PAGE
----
3-Month Industrial Park Project Near Brymer Creek Stalled After 16 Months; Bradley Finance Chairman Calls It "A Travesty"

Tuesday, August 20, 2013

Cleveland city officials acknowledged Tuesday that an industrial park project near Brymer Creek that was suppose to take three months is in its 16th month and is currently shut down awaiting word from state regulators.

Cleveland City Manager Janice Casteel and her staff told members of the Bradley County Commission's finance committee that the cost on the project that was estimated at $4 million has risen to $4.7 million.

Ed Elkins, chairman of the finance panel, said he toured the site earlier in the day. He said, "If you want to really see the problem, go out there and it will hit you in the eye. Somebody didn't do their job. The word that comes to mind is a travesty."

He added, "As a representative of District 1, I feel like I let the people down. They didn't want this project. I feel badly for the people down there."

Commissioner Elkins said the county had "relied on the city" to oversee the project.

Residents near Brymer Creek said runoff from the project at Harriman Road has muddied the formerly clear stream.

Ms. Casteel said she is still hopeful that the industrial project on the north side of I-75 will come in under budget and money from that site can be shifted to cover the extra cost on the south side. She said the north site is not so large "and doesn't have a huge hill."

Ms. Casteel acknowledged that a $347,000 change order to lower the grade from eight percent to six percent so the road would not be so steep was not voted on by the Cleveland City Council. She said it was mentioned to council members several times.

Officials said paying a private firm to monitor the construction project as required by the state since TDOT is involved has cost close to half a million dollars. Each day the inspector comes out is another $1,100, it was stated. The inspector comes two days a week even when no work is underway, officials said.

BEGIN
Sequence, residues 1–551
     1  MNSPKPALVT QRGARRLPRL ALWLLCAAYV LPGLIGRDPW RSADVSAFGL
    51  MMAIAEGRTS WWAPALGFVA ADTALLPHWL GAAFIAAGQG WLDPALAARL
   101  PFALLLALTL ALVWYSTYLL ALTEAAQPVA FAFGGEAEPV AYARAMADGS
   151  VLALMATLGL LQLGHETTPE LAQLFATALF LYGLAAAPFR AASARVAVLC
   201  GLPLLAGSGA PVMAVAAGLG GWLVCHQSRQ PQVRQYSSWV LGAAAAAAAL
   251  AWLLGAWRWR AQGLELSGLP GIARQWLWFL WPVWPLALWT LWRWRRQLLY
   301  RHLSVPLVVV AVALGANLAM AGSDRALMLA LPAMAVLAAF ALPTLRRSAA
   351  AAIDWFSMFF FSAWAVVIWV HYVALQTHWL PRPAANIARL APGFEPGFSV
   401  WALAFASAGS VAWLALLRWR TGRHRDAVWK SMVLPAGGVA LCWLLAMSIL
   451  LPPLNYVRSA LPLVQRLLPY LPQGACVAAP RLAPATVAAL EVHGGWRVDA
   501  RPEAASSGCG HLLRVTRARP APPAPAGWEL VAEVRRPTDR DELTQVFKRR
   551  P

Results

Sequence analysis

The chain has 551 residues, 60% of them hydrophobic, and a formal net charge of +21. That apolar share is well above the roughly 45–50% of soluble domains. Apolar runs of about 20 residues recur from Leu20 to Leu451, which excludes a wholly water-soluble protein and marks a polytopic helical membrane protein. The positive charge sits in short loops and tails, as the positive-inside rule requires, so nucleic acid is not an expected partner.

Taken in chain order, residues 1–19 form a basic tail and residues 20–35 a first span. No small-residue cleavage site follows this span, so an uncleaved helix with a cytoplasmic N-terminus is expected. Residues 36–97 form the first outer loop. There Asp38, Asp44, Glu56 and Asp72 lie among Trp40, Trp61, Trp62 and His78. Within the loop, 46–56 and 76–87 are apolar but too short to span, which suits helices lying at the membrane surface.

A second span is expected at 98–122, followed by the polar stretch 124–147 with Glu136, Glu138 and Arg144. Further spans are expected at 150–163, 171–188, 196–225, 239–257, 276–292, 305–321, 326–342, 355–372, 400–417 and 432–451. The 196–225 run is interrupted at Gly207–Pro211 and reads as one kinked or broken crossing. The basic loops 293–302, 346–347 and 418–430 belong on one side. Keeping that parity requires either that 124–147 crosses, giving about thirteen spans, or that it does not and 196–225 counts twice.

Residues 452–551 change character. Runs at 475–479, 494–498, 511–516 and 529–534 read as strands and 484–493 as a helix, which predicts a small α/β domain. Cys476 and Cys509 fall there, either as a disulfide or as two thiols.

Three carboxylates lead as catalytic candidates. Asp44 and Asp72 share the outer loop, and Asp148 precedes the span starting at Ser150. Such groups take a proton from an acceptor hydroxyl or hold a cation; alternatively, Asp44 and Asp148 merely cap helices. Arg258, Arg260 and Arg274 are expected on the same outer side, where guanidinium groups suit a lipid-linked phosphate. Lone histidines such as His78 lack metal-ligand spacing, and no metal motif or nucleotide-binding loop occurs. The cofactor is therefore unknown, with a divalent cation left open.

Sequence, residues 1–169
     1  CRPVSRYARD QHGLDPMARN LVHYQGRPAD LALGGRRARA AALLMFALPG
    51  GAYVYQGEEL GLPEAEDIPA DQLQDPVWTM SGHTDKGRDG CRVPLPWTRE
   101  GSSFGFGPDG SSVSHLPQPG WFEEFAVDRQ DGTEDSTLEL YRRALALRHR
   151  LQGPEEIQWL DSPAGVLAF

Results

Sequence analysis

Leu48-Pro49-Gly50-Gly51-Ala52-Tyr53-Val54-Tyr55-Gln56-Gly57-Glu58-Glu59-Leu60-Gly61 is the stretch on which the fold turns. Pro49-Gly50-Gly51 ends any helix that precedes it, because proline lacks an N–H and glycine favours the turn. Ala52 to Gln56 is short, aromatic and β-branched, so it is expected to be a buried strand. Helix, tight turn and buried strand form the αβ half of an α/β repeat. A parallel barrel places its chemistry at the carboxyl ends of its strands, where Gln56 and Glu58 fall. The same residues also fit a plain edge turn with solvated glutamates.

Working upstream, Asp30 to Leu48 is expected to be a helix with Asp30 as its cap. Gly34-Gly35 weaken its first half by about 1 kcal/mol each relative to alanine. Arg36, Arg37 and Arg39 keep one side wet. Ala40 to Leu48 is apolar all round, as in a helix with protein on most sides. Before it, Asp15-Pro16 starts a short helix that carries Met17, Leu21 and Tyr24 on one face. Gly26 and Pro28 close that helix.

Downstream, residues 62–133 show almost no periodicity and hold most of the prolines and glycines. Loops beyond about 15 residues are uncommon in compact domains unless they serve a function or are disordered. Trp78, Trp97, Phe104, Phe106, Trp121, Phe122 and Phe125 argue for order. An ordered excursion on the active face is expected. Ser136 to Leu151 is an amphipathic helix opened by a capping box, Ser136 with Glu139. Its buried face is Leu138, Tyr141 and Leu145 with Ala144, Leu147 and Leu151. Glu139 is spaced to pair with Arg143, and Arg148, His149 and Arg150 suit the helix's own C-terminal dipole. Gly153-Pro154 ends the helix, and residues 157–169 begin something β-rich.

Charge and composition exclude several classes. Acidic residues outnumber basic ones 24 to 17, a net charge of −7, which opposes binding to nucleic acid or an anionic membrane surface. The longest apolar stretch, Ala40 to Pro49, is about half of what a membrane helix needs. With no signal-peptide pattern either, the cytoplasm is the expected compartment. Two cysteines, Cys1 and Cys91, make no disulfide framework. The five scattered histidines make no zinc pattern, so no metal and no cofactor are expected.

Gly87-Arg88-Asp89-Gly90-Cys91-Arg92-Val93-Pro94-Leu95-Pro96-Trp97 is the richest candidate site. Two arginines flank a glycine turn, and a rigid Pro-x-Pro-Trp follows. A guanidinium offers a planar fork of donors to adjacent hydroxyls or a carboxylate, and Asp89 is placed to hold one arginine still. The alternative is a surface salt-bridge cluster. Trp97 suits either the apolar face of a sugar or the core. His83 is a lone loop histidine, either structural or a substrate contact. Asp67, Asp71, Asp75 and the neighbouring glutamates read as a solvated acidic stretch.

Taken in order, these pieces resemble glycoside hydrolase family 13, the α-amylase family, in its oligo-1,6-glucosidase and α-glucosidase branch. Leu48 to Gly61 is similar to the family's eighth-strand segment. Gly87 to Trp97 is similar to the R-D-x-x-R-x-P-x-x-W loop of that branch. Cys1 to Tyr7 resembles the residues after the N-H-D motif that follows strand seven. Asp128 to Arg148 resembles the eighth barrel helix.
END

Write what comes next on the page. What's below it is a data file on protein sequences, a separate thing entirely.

The commissioners were told that "not a lot of work" has been done at the site since the first of July as officials wait for requirements from TDEC on fixing ditches on either side of a road on a hill at the site.

Commissioners were told the engineer on the project said the ditch could be handled with rip rap, but a much more expensive fix is expected to be required - costing up to $180,000. Long sections of rock have been encountered in the ditches.

Commissioner Adam Lowe asked if contractor Steve Williams should share in the blame for problems at the site, and city stormwater official Jonathan Jobe said the firm was partly at fault.

Mr. Jobe said there had been "a perfect storm of problems" at the south side, including a number of heavy rains. 

About $600,000 worth of work is yet to be done at the south site, it was stated.    

Officials said it was estimated that 427 rock check dams would be needed on the south site, and 566 have already been put in.

County Mayor Gary Davis said the county wants to hold off on any further work on the north side for the time being because the funds are not there to cover it.

The county is being asked to cover $196,158.58 of the south site cost overrun. Commissioners were told that hopefully that amount should be recouped in savings on the north site.

      



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